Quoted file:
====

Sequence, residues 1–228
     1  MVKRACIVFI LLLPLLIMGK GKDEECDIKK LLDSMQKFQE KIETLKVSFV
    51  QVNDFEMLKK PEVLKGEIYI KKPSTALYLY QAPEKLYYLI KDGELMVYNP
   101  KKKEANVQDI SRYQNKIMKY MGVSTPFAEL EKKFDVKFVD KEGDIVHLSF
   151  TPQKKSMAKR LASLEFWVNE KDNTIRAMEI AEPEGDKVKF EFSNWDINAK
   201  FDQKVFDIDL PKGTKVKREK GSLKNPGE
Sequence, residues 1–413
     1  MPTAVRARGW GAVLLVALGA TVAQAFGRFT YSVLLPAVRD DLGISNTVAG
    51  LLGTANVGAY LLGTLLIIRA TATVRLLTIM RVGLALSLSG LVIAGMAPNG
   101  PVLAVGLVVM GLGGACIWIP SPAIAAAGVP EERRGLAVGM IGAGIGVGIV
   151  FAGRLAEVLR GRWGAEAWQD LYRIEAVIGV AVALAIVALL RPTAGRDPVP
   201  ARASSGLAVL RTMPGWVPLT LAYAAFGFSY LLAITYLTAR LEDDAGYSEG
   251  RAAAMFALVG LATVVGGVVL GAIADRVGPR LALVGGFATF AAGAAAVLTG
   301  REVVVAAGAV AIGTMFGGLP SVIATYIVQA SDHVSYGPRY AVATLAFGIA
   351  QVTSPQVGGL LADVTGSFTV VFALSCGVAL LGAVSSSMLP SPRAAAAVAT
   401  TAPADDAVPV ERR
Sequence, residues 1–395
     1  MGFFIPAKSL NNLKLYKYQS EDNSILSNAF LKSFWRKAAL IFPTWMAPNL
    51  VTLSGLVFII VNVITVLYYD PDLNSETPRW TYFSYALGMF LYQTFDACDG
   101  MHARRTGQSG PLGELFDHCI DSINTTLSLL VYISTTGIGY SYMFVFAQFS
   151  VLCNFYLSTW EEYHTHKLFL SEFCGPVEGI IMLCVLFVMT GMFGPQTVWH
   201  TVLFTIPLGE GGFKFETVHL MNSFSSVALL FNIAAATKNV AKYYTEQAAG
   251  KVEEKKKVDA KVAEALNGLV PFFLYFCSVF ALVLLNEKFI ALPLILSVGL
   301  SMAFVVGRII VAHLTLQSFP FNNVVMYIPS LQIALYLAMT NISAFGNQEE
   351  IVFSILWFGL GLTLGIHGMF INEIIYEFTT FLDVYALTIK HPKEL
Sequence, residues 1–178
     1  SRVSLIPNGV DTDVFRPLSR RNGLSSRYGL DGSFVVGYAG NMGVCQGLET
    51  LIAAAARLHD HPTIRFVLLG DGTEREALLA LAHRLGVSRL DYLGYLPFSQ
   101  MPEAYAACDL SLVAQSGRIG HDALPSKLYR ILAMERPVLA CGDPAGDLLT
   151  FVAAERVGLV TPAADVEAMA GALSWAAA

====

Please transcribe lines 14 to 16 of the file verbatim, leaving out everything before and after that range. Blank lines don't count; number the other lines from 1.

   301  REVVVAAGAV AIGTMFGGLP SVIATYIVQA SDHVSYGPRY AVATLAFGIA
   351  QVTSPQVGGL LADVTGSFTV VFALSCGVAL LGAVSSSMLP SPRAAAAVAT
   401  TAPADDAVPV ERR